Oil and energy use in developing countries has undergone a significant evolution in the past several years. For nearly all oil-importing developing countries (OIDCs), the two sharp oil price increases in 1973-1974 and 1978-1979 brought a large rise in import bills. With the 1973-1974 price rise, there is some indication that short-run impacts on the external economy were handled without major disruption (Dunkerley and Steinfeld, 1980). The second oil price increase, combined with worldwide recession and the diminishing world trade, caused economic growth to stagnate far more than did the first price increase (tiara, 1984).



Optimal Seasonal Distillate Inventory

Charles Tiplitz

Year: 1986
Volume: Volume 7
Number: Number 3
DOI: 10.5547/ISSN0195-6574-EJ-Vol7-No3-6
View Abstract

Abstract:
This paper summarizes an investigation of the seasonal inventory of distillate (heating) oil. My object was to determine the extra amount of distillate stock (usually called seasonal stock) to be held at the primary echelon at the beginning of the heating season (about October 31).It began with the usual belief that some traditional amount of heating oil stock be available at the beginning of the heating season. This traditional amount had been based on trends of seasonal stocks adjusted for weather and other demand changes and overlooked such things as optima price theory. Even so, this approach was flawed because seasonal patterns had become so much less severe that conventional, even careful extrapolation produced misleading and inconsistent results.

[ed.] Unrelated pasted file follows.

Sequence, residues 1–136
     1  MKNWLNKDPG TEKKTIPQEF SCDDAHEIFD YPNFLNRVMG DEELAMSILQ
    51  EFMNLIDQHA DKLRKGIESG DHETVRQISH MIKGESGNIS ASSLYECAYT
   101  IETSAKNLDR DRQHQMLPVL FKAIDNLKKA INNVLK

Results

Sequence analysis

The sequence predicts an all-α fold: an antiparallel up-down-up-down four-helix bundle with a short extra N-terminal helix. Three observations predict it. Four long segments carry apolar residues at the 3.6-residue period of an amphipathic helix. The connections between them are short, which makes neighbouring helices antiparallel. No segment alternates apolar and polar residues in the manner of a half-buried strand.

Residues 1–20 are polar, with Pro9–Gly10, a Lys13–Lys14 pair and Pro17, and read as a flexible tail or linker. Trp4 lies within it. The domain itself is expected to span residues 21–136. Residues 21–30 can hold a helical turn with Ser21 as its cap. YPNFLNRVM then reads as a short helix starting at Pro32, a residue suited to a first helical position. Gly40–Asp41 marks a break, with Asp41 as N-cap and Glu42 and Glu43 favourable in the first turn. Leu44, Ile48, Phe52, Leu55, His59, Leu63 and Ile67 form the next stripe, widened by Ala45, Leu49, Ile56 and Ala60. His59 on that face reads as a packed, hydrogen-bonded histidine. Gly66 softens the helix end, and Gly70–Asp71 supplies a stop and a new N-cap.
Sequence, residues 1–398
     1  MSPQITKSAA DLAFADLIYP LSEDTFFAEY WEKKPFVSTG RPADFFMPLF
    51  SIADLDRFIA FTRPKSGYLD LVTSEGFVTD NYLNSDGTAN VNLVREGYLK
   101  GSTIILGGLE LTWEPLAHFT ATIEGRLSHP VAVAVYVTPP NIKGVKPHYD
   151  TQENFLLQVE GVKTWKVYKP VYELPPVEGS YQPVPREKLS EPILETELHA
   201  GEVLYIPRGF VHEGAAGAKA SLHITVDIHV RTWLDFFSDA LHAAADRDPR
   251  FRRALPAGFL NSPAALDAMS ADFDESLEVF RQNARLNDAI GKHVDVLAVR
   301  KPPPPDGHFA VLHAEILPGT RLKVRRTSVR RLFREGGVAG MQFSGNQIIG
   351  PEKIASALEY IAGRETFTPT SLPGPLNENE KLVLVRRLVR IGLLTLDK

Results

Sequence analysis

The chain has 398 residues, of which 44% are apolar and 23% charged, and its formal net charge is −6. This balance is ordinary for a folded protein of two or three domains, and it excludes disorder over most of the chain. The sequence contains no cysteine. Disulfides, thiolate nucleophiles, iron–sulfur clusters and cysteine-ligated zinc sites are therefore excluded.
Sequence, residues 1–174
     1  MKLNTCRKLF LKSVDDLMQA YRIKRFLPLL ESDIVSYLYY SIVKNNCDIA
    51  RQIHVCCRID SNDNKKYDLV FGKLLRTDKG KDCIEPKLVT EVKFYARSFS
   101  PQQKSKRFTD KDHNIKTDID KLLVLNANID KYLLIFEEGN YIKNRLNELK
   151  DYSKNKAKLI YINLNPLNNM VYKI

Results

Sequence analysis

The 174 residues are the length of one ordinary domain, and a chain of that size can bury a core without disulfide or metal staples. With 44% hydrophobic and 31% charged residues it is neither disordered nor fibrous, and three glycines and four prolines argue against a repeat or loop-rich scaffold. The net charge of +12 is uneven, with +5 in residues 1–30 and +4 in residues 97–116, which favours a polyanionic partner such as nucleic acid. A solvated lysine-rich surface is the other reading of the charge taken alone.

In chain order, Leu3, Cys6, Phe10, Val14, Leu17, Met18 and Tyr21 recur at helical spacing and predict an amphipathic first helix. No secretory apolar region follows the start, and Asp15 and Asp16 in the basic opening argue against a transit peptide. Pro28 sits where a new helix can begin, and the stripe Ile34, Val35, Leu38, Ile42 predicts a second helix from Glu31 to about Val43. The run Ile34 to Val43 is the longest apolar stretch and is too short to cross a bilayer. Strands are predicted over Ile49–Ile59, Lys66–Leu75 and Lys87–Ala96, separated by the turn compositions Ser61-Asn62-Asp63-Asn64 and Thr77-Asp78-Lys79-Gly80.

Price Elasticity of Demand for Oil and the Terms of Trade of the OPEC Countries

M. M. Metwally and A. T. Arab

Year: 1987
Volume: Volume 8
Number: Number 1
DOI: 10.5547/ISSN0195-6574-EJ-Vol8-No1-4
View Abstract

Abstract:
The price elasticity of demand for oil has changed significantly since the sharp rise in oil prices in late 1973. Although oil is still a necessary commodity with a price elasticity of less than one, the policies recently introduced by many importing countries to store oil and reduce its consumption, the continuous development of energy alternatives, and the increase in oil suppliers have contributed significantly to the rise in the price elasticity of demand for this vital commodity.



Oil Demand Elasticities in Nigeria

Felix B. Dayo and Anthony O. Adeghulugbe

Year: 1987
Volume: Volume 8
Number: Number 2
DOI: 10.5547/ISSN0195-6574-EJ-Vol8-No2-3
View Abstract

Abstract: